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Thursday, March 04, 2010

Alienation - can't do with it, and can't do without it, part 1


In the German Ideology (as Duncan pointed out to me last week) there are textual indications that Marx is disowning part of sketch of alienation he made in the Economic and Philosophical Manuscripts.

As always, though, Marx never simply erases or annuls the conceptual contents he has used in the past – rather, he continually switches from the content to the form and back again to both ironize a content and locate it in a conceptual system that is always at work, one way or another, in the practices of everyday life. It is usual to attribute this method to Hegel, but myself, I think that is being much too philosophisch. Lenin once remarked that “Communism equals Soviet power plus the electrification of the whole country” – and I would say, along similar lines, that Marx’s method equals Hegelian dialectic plus the railroad. That may seem like a bit of an exaggeration, of course, but Marx was well aware that one of the unintended results of technology was a revolution in perspective. While it is easy enough, abstractly, to dream of going sixty miles an hour in a vehicle from point a to point b, the “industrial experience” (to use Schivelbusch’s term) of being a railroad passenger and seeing something never seen by human beings before – to wit, a landscape going by at sixty miles an hour - was a distinct and disturbing sensation, one that had to be absorbed by nineteenth century populations, along with other industrially created perceptual experiences. The list of technological improvements in the Communist manifesto is also a list of changing sensory models. Thus, if Marx takes over and revamps the technostructure of Hegel’s dialectic, it is in coordination with the questions posed by modernity’s sensorium.

The questions I’ve been posing about the affectual structure of the commodity and money circuits of capitalism all point us to alienation. As I have said in an earlier post, nothing about alienation in Marx leads one to think that it transcends historical epochs. On the contrary, Marx, here, is employing a term that should be adapted to the circumstances – the mode of production – dominant in a historical epoch. Marx’s game, in the German Ideology, is to knock down the trans-historical sense given to certain concepts by the school of “critical critique.” However, that isn’t the same as saying that these concepts are empty. This isn’t therapeutic nihilism. They do have a communicative use – even if the notion of communication is oddly missing in the German Ideology. I should point out here that this is the one a-modern gap in that text, which is otherwise so fiercely concerned with words, so determined to bring ‘down to earth’ the flights of the philosophers, and which does so with a language in which we recognize ourselves – a language that so often seems so very contemporary. This is why we expect Marx to recognize the pragmatic, communicative dimension of language – it seems so obviously important to his project – and are surprised by the fact that it is not really there – that the brain/hand duality eclipses it.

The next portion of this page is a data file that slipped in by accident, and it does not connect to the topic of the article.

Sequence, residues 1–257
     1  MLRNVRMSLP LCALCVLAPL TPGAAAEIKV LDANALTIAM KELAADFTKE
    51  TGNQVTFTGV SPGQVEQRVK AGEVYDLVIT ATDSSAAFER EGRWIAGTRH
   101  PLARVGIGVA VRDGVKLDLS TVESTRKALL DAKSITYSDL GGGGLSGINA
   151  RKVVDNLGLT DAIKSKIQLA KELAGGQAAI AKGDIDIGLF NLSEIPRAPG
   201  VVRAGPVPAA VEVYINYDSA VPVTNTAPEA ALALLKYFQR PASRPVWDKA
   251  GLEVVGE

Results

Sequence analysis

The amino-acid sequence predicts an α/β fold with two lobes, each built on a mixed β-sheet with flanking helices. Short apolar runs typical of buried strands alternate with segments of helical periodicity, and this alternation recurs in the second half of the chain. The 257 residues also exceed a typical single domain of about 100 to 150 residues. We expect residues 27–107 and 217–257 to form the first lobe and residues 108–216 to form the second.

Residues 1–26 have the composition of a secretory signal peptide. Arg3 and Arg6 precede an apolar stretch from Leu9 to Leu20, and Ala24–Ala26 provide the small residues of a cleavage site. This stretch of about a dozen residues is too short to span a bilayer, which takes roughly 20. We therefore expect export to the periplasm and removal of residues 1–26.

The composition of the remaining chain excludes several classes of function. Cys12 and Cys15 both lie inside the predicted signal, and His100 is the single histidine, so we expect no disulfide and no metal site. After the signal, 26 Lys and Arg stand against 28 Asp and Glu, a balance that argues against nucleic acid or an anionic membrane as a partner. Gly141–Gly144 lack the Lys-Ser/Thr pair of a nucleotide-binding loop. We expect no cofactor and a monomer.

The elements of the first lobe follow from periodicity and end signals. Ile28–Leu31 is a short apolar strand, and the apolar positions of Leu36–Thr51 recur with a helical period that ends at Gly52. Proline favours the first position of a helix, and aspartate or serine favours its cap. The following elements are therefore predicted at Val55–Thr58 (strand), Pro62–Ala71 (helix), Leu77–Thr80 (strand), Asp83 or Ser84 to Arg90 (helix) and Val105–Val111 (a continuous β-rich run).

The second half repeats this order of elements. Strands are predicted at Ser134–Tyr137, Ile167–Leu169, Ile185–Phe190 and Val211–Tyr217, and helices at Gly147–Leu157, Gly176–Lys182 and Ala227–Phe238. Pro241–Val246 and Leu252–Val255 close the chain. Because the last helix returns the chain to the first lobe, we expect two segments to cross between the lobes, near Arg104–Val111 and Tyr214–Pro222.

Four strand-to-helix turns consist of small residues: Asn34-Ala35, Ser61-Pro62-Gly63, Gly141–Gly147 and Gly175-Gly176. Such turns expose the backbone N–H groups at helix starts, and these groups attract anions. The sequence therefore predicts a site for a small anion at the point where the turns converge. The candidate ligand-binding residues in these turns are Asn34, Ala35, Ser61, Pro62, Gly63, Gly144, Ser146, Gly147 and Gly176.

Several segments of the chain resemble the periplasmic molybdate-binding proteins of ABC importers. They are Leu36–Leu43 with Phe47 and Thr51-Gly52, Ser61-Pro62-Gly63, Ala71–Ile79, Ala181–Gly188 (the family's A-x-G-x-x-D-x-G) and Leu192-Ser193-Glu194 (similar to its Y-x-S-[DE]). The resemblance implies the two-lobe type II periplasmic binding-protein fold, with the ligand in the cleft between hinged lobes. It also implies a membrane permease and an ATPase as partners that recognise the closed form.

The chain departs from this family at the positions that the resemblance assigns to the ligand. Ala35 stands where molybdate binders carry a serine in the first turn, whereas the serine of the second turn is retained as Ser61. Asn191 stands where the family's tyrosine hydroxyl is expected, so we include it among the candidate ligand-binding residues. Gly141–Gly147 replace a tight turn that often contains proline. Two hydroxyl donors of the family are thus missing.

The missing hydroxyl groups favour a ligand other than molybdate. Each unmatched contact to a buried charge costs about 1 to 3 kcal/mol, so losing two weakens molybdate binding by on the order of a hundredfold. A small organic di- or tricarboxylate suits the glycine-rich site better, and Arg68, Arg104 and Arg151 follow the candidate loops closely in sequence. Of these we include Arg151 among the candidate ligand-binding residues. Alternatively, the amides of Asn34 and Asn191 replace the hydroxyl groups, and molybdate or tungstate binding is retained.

Thus, we come to the word, which is strung with quote marks: It comes in the subsection entitled history, right after Marx has discussed the larger meaning of the division of labor:

“The social power, meaning the manifold force of production that arises through the coordination of different individuals conditioned through the division of labor, appears to these individuals, because this coordination is not chosen, but naturally generated, not as their own, united power, but rather as something foreign [fremde], a power standing outside of them, of which they know neither the whence nor the wherefore, which they thus can no longer master; and even on the contrary moves, now, through the series of phases and steps of development on its own, not only independently from the will and actions of people, but even directing the will and actions of people.

This alienation ["Entfremdung"], in order to remain understandable to the philosophers, can naturally be abolished only under two practical premises.”

The quotation marks do their disowning work here – but what is disowned is still used. I could, of course, apply my fine Derridean sniffer to root out this use of the denied – and even ask some questions about its use value. But that I will set aside for another time- since of course we “know” (o speak, denial) that Derrida in the Spectres has misunderstood something as simple as use. But the point I want to make here is that the quotations which suspend alienation also return it to one set of its property holders – the philosophers. Marx, one should remember, did study law, so for him this is a word with at least two property holders – the philosophers and the lawyers. And a lawyer could ask whether the chain of title is quite correct here – whether the philosophers have mistakenly taken property in this word as though it were not a metaphor. Indeed, as the term appears in the Corpus Juris of Justinian, which was translated into German in the 1830s, alienation is continually contrasted with Diebstahl – robbery. A proper alienation of property – making it exchangeable – is set up in contrast with the theft of property, which also makes it exchangeable. And it is from this context that alienation is taken into the language of the philosophers – whether properly or not is the question posed, but not answered, and perhaps not answerable, by placing the quotation marks around the term.

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